The US Supreme Court granted certiorari in seven cases on Friday, consolidating several of them for a total of four oral arguments to be heard early next year.
The first grant, a consolidation of Barr v. Dai and Barr v. Alcaraz-Enriquez, concerns credibility determinations in asylum hearings. In both cases, applicants for asylum were given a presumption of credibility by reviewing courts because the immigration judges failed to rule on the credibility of the asylum seekers’ testimony in their adjudications of the asylum request. Although the Ninth Circuit, which decided both appeals, held that the presumption of credibility is a well-established precedent and that all circuits have adopted a similar standard, the US Department of Justice petitioned the Supreme Court to overturn the circuit precedent and require appellate courts to measure the credibility of testimony independently if the immigration judge failed to do so.
In addition, the court granted certiorari in BP v. Mayor and City of Baltimore, asking the court to decide whether an appeals court can rule on a normally unreviewable removal action when one of the justifications for removal is based on the Federal Officer Removal statute. Generally, denials of removal from a state court to a federal court are not reviewable except for two narrow exceptions for cases removed for involving federal officers and certain civil rights claims. The petitioners argue that the text of the statute permits the reviewing court to review all proffered justifications for removal so long as one of the reasons is the exception, a view flatly rejected by nearly all of the circuit courts, which construe it narrowly as only permitting review of that justification.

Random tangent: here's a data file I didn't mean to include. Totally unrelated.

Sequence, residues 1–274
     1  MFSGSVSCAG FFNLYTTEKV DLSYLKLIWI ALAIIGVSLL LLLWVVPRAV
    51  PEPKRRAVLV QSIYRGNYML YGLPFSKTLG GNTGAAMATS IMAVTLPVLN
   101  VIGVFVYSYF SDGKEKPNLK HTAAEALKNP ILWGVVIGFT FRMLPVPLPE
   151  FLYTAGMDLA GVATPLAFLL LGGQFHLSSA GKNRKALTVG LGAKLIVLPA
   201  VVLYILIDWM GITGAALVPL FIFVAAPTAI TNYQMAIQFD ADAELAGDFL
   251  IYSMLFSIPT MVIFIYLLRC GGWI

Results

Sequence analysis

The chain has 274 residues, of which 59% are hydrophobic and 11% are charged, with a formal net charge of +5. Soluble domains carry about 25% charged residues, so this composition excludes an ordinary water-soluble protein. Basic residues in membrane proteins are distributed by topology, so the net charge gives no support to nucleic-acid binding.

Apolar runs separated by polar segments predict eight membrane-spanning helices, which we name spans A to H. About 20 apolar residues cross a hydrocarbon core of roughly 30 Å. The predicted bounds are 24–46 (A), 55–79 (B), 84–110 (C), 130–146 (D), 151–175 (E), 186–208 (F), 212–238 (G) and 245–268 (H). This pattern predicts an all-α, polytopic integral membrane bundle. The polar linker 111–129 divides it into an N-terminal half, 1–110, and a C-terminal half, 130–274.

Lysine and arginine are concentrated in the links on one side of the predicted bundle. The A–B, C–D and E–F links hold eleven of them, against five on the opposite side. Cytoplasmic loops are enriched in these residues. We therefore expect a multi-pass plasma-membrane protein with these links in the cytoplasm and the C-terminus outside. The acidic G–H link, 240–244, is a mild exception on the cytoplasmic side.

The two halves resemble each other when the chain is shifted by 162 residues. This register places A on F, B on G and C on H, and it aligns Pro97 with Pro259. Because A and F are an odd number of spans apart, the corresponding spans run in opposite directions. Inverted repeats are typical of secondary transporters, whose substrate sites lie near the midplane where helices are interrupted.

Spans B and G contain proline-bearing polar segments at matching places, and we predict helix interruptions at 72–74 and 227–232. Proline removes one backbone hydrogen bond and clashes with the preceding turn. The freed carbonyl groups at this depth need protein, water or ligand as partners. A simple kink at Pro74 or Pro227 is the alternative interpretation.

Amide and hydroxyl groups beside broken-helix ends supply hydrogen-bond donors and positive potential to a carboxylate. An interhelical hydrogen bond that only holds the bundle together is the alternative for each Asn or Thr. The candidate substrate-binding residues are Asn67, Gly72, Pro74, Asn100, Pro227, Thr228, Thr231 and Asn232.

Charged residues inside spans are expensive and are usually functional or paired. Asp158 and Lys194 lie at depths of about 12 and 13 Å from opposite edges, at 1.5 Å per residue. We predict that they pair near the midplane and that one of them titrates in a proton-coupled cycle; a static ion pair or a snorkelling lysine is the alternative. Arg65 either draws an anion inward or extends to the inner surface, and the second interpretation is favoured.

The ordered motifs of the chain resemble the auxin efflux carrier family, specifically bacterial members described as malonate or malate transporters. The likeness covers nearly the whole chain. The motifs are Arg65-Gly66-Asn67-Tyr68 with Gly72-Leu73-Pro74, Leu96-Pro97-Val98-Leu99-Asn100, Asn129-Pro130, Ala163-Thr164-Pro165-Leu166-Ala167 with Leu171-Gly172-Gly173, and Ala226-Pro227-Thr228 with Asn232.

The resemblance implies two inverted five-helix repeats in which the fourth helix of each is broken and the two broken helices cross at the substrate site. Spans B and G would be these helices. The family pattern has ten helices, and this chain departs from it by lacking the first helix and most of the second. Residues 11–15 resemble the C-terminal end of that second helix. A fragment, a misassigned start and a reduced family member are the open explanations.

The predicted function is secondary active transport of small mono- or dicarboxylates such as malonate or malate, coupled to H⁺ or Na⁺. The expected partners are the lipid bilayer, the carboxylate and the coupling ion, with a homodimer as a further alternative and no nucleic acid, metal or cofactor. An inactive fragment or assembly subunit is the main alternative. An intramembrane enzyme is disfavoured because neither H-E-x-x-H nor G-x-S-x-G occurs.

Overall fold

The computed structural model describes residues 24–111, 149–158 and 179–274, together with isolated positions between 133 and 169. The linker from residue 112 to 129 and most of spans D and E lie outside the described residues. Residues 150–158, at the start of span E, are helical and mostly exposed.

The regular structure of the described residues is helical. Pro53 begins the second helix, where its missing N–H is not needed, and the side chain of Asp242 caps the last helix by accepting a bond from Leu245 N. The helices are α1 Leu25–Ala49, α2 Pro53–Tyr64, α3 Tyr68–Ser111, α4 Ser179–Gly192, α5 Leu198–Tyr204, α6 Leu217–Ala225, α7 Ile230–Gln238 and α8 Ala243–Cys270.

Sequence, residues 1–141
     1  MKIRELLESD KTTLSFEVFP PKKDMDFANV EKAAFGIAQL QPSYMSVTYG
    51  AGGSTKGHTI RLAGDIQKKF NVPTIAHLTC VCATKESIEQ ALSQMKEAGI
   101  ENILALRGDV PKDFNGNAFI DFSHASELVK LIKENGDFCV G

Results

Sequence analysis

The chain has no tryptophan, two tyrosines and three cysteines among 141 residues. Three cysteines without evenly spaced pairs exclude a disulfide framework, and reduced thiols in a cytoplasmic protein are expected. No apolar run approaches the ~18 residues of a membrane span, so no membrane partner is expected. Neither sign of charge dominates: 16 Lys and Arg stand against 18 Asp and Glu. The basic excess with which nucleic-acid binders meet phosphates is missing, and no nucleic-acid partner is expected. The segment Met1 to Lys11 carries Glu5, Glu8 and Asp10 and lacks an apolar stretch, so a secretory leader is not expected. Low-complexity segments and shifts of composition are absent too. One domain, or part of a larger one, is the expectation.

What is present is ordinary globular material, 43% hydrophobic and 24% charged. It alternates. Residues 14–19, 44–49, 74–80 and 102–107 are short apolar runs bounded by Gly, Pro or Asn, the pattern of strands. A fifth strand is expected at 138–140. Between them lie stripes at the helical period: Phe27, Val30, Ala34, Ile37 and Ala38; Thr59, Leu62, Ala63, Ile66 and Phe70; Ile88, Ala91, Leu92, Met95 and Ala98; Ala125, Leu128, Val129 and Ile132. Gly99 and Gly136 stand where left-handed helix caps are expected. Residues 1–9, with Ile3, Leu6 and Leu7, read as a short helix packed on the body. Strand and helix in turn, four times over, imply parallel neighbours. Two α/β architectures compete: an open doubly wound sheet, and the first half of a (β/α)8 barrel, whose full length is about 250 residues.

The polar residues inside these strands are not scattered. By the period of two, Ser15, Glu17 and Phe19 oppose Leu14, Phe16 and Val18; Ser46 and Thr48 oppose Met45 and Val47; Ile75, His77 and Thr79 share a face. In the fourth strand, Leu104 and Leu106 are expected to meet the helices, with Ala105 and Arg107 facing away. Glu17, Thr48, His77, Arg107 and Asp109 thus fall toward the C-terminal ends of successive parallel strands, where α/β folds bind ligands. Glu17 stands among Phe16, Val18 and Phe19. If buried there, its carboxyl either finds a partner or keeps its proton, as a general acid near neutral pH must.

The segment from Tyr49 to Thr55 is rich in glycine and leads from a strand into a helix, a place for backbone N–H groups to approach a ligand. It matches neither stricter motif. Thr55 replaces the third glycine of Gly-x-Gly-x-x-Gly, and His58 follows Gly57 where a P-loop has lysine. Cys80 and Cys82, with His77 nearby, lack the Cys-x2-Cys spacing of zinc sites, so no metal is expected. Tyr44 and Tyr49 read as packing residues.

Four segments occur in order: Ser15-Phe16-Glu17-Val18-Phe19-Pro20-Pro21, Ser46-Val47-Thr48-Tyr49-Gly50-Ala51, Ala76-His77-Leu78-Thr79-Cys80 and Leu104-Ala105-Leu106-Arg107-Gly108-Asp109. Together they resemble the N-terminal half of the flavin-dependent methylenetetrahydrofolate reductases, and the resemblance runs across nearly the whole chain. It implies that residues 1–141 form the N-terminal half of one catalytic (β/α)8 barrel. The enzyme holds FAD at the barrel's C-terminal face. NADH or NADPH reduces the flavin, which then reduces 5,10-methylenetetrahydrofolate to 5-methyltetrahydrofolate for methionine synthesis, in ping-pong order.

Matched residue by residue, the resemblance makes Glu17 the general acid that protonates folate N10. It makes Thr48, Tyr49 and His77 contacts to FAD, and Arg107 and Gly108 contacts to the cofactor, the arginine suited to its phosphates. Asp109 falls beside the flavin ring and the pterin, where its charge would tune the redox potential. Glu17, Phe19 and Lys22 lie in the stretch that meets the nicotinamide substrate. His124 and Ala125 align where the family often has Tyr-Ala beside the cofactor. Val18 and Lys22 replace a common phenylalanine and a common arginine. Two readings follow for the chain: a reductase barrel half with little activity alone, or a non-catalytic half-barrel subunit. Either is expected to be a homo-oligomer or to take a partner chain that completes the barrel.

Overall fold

The court also consolidated FCC v. Prometheus Radio Project and National Association of Broadcasters v. Prometheus Radio Project. Both cases concern the Federal Communication Commission’s modification of competition rules that relaxed limits on the ability of media companies to own multiple outlets in a single market and whether the regulatory changes were arbitrary, capricious, and took into account all of the required criteria to determine that competition would not be harmed by the relaxation of the requirements.
Finally, the court consolidated two voting cases from Arizona, Brnovich v. Democratic National Committee and Arizona Republican Party v. Democratic National Committee. Both cases concern Arizona’s out-of-precinct policy, which invalidates provisional ballots cast by people at a voting location different from their assigned precinct, and ballot collection law, which limits the people who can deliver an absentee ballot to family members, legal caregivers, and postal service employees. Although both laws were upheld by the trial court and the initial three-judge panel of the Ninth Circuit, an en banc Ninth Circuit overturned the prior rulings and held that both rules violated the Fifteenth Amendment and Voting Rights Act. The Arizona Republican Party and Republican Attorney General appealed the ruling, asking the Supreme Court to reinstate the rules. The decision of the Ninth Circuit is currently stayed, and the rules remain in effect for the November presidential election.
As court’s calendar through December is already set with cases that were granted certiorari during the prior term, it is unlikely that oral arguments for these cases come before next year.